Franken, Coleman continue to challenge ballots

ST. PAUL - Reports from around the state today indicated Norm Coleman and Al Franken representatives increased their ballot challenges, the U.S. Senate recount's third day.

Al Franken's recount attorney, Washington, D.C.-based Marc Elias, holds a southeastern Minnesota ballot on which the voter picked Republican John McCain for president and Democrat Al Franken for U.S. Senate. Elias said a Coleman observer challenged the ballot in the Senate recount, apparently because he did not think a voter could opt for a GOP presidential candidate and a Democrat for Senate. [State Capitol Bureau]
We are part of The Trust Project.

ST. PAUL - Reports from around the state today indicated Norm Coleman and Al Franken representatives increased their ballot challenges, the U.S. Senate recount's third day.

While it was not a universal trend, it appeared at mid-day to be common.

The more challenged ballots that pile up during the recount, the more votes that must be decided by the five-member state Canvassing Board beginning Dec. 16. By Thursday night, 734 ballots had been challenged with fewer than half of the ballots recounted.

The 734 number far outdistances the 215 votes that Republican Sen. Coleman led Democrat Franken when the initial returns were tallied.

Coleman and Franken observers are at every one of the 107 recount sites across the state.


Franken's chief recount attorney said that information from his volunteers indicates Coleman's lead probably has shrunk to double digits.

As of Thursday night, the incumbent's lead could be figured as 129 votes using the secretary of state's unofficial figures. However, Franken attorney Marc Elias said that his double-digit margin is based on observers reporting what candidate would have received the votes if the campaigns had not challenged ballots.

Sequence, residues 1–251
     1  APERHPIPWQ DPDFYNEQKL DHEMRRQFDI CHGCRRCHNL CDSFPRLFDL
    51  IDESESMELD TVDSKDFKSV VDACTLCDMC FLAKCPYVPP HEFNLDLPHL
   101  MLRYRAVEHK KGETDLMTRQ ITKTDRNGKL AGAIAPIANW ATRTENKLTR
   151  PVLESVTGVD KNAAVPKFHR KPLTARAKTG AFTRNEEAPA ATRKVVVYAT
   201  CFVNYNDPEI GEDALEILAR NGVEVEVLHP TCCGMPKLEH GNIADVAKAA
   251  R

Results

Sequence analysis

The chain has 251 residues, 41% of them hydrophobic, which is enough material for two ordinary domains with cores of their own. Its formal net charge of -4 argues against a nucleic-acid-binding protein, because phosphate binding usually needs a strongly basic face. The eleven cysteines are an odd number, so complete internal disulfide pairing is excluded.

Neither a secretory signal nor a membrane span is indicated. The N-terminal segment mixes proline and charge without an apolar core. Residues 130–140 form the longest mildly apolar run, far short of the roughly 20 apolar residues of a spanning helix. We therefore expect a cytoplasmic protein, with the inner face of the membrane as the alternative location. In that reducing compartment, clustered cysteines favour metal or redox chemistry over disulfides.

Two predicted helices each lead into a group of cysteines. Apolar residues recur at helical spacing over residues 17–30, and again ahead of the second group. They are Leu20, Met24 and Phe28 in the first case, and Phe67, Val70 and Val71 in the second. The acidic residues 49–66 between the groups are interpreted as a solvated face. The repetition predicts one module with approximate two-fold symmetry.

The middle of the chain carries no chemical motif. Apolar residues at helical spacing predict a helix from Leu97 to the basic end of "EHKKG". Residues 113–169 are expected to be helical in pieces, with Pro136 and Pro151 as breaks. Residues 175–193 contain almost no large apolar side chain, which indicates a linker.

Things looked good for Franken, Elias said. "There are more Democratic areas left to be counted."

Coleman's campaign was to brief reporters later in the day.

As piles of challenged ballots grew, it became obvious that the decision of who won the election will be made by the state Canvassing Board.

Either campaign can challenge ballots because of things like there was doubt about who the voter intended to pick. Those challenged ballots, which likely will be more than 1,000, will be examined by the board made up of Secretary of State Mark Ritchie and four judges beginning Dec. 16.

Even after the Canvassing Board is done, the election could end up being decided by the courts, or even by the U.S. Senate.

Not all counting sites reported a lot of challenged ballots.


In the eastern Twin Cities Washington County, just 48 ballots were challenged by mid-day, after three days of counting. County elections officials plan to finish recounting their 130,000-plus ballots Saturday.

The top elections officials held out a little hope of wrapping things up tonight.

"If it's close and both parties agree we'll go later," Elections Supervisor Carol Peterson said. "But we don't want to be here any more than an hour longer."

Also reporting relatively light challenges was Renville County, in the southwest.

Franken's team challenged two votes and Coleman observers made no challenges Friday morning at the Olivia counting site.

Franken's total vote increased by a single vote after judges ruled the voter intended to cast the ballot for Franken using a check mark rather than filling in the oval.

"The machine couldn't see it,'' County Auditor Larry Jacobs said. "But it was obvious this particular person wanted to cast a vote for Franken and that's what we did in the recount.

Other than normal vote fluctuations seen during any recount, two major issues remain:


-- The two campaigns are challenging hundreds of ballots, far more than the difference expected between them at the end of the recount.

-- Absentee ballots that local officials rejected, which also could be in the hundreds, should be considered, the Franken campaign says.

The state Canvassing Board is expected to meet Wednesday to decide the absentee issue and in December to count challenged ballots. Between the two issues, the five-member board easily will consider enough ballots to decide the winner.

Every one of the state's 2.9 million ballots is being counted by hand. Most counties appear to be progressing faster than expected, although some do not start their recounts until as late as Dec. 3.

Reporters from the Stillwater Courier and West Central Tribune contributed to this story.

What To Read Next
The system crashed earlier this month, grounding flights across the U.S.